Hash oil, BHO, chemical solvent extraction laws

Solvent extracts and concentrates are covered by a number of California laws and case law.

Propositions 215 and 64 both included extracts but did not remove cannabis from the controlled substances list.  The Health and Safety Code 11379.6 “Meth House” statute, below, includes cannabis because it is on the list of substances in HS 11054, but since 2015 HS 11379.6(d) specifically mentions cannabis extraction. For many years that has meant BHO was legal to possess but not to make. The People v Bergen decision held that it is the process, not the product, that is banned. People v Luna established the prosecutor’s burden of proof. When the legislature passed MCRSA, the medical marijuana regulations, it included a license to make volatile extracts. The following year, a provision was added to HS 11362.775 for an interim local license before the MCRSA licenses issue. Prop. 64 mirrors that licensing process for nonmedical use and modified the legal issues on extraction by including in HS 11362.3(a)(6) the term “volatile” rather than simply “chemical extraction.”   Continue reading Hash oil, BHO, chemical solvent extraction laws

How much California cannabis can you grow without a license?

California businesses have three options currently: 1) SB 420 patient collective defense until 2019; 2) MCRSA medical marijuana licenses available in 2018; 3) AUMA (Prop. 64 nonmedical licenses available as provisional licenses now or with state licenses beginning in 2018.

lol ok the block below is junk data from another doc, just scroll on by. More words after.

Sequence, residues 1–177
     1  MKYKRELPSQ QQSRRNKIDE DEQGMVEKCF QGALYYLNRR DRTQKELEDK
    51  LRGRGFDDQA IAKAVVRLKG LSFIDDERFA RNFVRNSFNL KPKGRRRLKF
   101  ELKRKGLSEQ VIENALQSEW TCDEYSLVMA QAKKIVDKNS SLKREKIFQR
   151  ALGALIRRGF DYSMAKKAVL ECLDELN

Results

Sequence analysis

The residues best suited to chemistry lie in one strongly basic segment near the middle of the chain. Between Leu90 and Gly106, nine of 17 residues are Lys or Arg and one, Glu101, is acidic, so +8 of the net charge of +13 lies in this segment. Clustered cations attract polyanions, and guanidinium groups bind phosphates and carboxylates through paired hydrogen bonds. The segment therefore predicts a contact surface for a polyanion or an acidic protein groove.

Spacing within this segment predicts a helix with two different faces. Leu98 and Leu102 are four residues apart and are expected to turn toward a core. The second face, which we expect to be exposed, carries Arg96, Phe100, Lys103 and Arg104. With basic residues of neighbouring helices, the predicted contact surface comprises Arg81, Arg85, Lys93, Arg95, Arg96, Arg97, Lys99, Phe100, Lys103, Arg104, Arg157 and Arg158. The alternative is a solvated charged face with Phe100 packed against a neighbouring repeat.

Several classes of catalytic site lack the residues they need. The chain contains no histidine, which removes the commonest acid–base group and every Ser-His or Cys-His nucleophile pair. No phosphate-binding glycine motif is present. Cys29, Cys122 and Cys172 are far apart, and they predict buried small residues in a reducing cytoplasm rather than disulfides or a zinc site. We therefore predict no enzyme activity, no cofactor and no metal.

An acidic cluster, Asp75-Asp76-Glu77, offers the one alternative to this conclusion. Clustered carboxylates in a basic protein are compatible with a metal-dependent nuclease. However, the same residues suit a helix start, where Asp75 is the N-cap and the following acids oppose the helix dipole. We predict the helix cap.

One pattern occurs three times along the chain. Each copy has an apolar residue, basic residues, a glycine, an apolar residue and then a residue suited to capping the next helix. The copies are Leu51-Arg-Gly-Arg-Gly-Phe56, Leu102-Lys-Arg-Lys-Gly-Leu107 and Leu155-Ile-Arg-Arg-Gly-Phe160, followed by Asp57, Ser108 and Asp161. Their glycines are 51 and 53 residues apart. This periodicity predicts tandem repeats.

California adults also have four choices as to how to legally grow marijuana for personal use or sharing without getting a state license. These gardens must be noncommercial and can be grown for nonmedical personal use and sharing or it can be following one of three medical marijuana protocols as discussed below.  Continue reading How much California cannabis can you grow without a license?

Summary of California’s new marijuana laws

Effective November 9, 2016:
Here are California’s adult use marijuana laws

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Learn more about Proposition 64 by reviewing this link.

These counties voted Yes on Proposition 64

View a chart showing county by county election returns. Prop. 64 results are on pages 74 – 76.

Prop. 64: Criminal penalty reductions and social justice

Proposition 64 Section 8. CRIMINAL OFFENSES, RECORDS, AND RESENTENCING.

The Adult Use of Marijuana Act 2016 did not repeal all the previous criminal penalties on marijuana but adjusted them downward and allows for more social justice. This section describes the remaining criminal penalties, downward resentencing for people with priors, destruction and expungement of records, early release from incarceration and juvenile justice.

Continue reading Prop. 64: Criminal penalty reductions and social justice

California industrial hemp laws

Proposition 64 Section 9. INDUSTRIAL HEMP.

This section of the Adult Use of Marijuana Act (AUMA) provides for the production and processing of industrial hemp as a small scale to large scale agricultural crop and manufacturing resource. It allows for more groups to conduct research and allows smaller projects down to 1/10 of an acre plots (formerly 2-5 acres minimum).

It amends the Health and Safety Code and the Food and Agricultural Codes, as follow:  Continue reading California industrial hemp laws

Hempresent Radio interview October 2016

Friend of Prop. 64 Chris Conrad’s #yeson64 interviewed by Seattle Hempfest’s own Vivian McPeak on Cannabis Radio’s Hempresent Show. Listen in! By the time it’s over you’ll understand why it is so important to Vote Yes on 64!